Yehuda Lave, Spiritual Advisor and Counselor

Yehuda Lave is an author, journalist, psychologist, rabbi, spiritual teacher and coach, with degrees in business, psychology and Jewish Law. He works  with people from all walks of life and helps them in their search for greater happiness, meaning, business advice on saving money,  and spiritual engagement


To lead a fulfilling life, we must connect to something larger than ourselves. If this need is not met, we feel a sense of futility and an inner emptiness. GET BEYOND YOURSELF. Volunteer to pack food boxes for the poor or assist in a hospital or clean up the environment. You will be getting much more than you are giving.

Love Yehuda Lave

Inside Jerusalem's underground cemetery city that will house 23,000 bodies


Krakow two of Two 082819

On the boys first day in Krakow, we start with the walking Jewish tour.

There are seven synagogues in this area including the famous Ramu synagogue. However there are no active Jews, so they sit empty. I went to the Ramu on Thursday morning the 29th and I and a Hassid were the only ones there. Luckily Chabad davening is in an old warehouse nearby that saved the day. The Jewish area is called Kazimierz and was a separate area. The Ghetto they created was in an area across the river called Podgorze

Yiddish words used by many do you know their meaning?

Chutzpah - extreme arrogance 
Heimish - homey, informal, "make yourself at home"
Schlep - to travel with difficulty, to carry heavy things
Shmatte - old rag or clothing
Schmutz - dirt
Meshugena - crazy
Mishpocheh - family, or someone who is like family. 
Naches - pride and joy.Typically refers to joy a child brings to a parent.
Nosh -something to nibble on
Nudnik - an obnoxious person
Schmooze - small talk
Zaide - grandfather
Mensch - a good and trustworthy person

Rosh Hashana Simanim

Growing up in America, Rosh Hashana meant an apple and honey, a new fruit (usually an over-priced and under-flavored pomegranate), and tzimmis as per my dad’s request (that my mom reluctantly made). On my first Rosh Hashana in Israel, I was shocked to experience a full preamble to the Rosh Hashana meal – a course of “Seder Simanim.” Until then, I thought the only “Simanim” (symbolic foods) of Rosh Hashana were apples and honey – for a sweet new year. I’d also heard rumors about people who have a fish head on the table (representing the “Rosh” – head – of the year), but thought no one actually does that, right?

There is a widespread tradition in Israel to eat a long list of foods representing different blessings for the new year. Pomegranates are on this list, and often made their way to my childhood Rosh Hashana table as the “new fruit,” not as a “Siman.” Pomegranate trees are common in Israel, and when you walk down the street this time of year, you will see beautiful big, red pomegranates hanging from the branches. The abundance of red, juicy seeds found in a pomegranate are likened to the 613 mitzvot of the Torah, and before eating it on Rosh Hashana, we recite the verse, “May we be full of merits like the pomegranate.”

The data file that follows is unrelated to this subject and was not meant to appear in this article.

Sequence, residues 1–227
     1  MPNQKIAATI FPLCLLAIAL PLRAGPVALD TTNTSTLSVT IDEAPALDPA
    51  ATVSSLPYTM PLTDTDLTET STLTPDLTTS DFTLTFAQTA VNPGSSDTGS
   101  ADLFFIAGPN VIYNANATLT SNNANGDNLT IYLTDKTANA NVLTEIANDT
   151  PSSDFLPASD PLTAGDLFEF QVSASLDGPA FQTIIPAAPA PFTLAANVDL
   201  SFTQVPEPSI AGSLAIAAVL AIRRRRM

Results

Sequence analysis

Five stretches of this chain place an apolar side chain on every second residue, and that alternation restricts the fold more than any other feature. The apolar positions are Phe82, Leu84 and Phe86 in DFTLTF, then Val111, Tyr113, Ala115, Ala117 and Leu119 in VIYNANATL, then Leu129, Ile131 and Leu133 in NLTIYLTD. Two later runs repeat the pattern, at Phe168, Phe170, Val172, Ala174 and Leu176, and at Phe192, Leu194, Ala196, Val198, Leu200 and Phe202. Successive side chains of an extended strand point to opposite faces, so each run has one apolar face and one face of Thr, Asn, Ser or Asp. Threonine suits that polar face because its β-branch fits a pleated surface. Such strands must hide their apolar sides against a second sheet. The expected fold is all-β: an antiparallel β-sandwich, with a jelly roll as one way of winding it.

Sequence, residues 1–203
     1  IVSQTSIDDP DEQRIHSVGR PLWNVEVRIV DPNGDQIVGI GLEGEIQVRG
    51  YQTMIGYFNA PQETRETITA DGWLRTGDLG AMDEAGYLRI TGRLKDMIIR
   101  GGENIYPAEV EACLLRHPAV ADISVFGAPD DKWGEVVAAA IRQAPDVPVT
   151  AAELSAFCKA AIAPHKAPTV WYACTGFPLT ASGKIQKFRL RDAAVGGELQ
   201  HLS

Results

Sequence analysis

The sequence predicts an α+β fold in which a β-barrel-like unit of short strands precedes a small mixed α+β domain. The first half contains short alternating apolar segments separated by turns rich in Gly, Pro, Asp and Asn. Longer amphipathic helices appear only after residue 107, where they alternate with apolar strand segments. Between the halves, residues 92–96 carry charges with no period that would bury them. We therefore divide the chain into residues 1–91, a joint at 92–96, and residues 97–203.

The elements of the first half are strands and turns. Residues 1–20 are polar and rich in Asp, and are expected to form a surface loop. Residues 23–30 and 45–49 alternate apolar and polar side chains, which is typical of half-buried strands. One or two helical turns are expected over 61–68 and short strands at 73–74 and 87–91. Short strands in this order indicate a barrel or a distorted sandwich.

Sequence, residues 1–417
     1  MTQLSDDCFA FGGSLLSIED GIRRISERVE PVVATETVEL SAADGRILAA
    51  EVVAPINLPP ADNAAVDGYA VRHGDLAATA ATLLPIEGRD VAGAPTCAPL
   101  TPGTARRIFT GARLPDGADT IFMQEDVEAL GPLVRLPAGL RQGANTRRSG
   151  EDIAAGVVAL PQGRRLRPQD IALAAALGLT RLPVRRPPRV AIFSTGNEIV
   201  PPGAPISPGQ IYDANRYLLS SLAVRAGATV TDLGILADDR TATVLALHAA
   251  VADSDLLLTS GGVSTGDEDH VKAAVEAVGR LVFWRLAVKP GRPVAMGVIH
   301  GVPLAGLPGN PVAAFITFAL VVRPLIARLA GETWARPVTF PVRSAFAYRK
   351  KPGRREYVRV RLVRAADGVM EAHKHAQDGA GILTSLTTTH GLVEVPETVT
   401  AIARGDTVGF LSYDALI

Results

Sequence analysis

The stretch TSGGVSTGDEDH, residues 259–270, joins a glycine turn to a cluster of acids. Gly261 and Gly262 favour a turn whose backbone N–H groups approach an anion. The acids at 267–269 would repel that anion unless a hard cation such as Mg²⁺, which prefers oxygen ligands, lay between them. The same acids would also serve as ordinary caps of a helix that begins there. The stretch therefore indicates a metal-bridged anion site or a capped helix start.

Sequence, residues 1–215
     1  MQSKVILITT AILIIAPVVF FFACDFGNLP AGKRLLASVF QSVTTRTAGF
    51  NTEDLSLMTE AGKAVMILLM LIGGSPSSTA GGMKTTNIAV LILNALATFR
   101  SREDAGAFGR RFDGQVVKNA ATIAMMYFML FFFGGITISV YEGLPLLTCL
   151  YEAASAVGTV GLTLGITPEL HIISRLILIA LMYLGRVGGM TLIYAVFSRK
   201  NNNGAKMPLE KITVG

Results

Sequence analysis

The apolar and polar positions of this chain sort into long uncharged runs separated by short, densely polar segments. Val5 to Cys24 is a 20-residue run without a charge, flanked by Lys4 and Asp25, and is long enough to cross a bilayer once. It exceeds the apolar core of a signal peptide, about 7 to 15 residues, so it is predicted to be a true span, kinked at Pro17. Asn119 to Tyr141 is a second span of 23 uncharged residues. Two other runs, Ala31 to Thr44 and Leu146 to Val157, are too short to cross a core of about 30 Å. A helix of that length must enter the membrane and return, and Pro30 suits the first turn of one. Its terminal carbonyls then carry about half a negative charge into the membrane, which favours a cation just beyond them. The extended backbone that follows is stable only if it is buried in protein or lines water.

Simanim and Blessings taken from Jamie Geller’s Guide to Rosh Hashanah Simanim

Upon further inspection, I found a list of the Simanim with their meaning and accompanying verses in my own Artscroll Machzor! Check out the list below for some traditional Simanim, with our suggestions of how to incorporate them into your own Rosh Hashana Seder:

  • Fenugreek or carrots for “increased merits.” Add carrots to your meal with the traditional Jewish dish tzimmes.
  • Leek or cabbage for God to “destroy those who hate us.” Add cabbage to your meal with some delicious stuffed cabbage.
  • Beets so that “our enemies be removed.” Add beets to your meal with some delicious, sweet roasted beets.
  • Dates for “our enemies to perish.” Add dates to your dessert with this sweet date cake.
  • Gourd for “the decree of our sentence be torn, and our merits be proclaimed before God.” Add gourd to your meal with this interesting dessert, candied gourd!
  • Fish so that we will “be fruitful and multiply like fish.” Add fish to your meal with this unique recipe.
  • Head of a sheep or fish so that we “be as the head and not as the tail.” No recipe needed.

Many Israelis hold a “Seder Simanim” before the evening meal of Rosh Hashana in which they sample each of the foods and recite the corresponding verses. If that is too formal for you, you can also find amazing recipes online that use the Rosh Hashana Simanim as part of the traditional meal (like this delicious Simanim chicken recipe!). Some families even add their own Simanim – for example raisin+celery for a “raise in salary” (try saying it out loud). Some French Olim have bananas for a “bonne année” – a good year. If you hope to make Aliyah, add grapes to your table to “immiGRAPE” to Israel this year!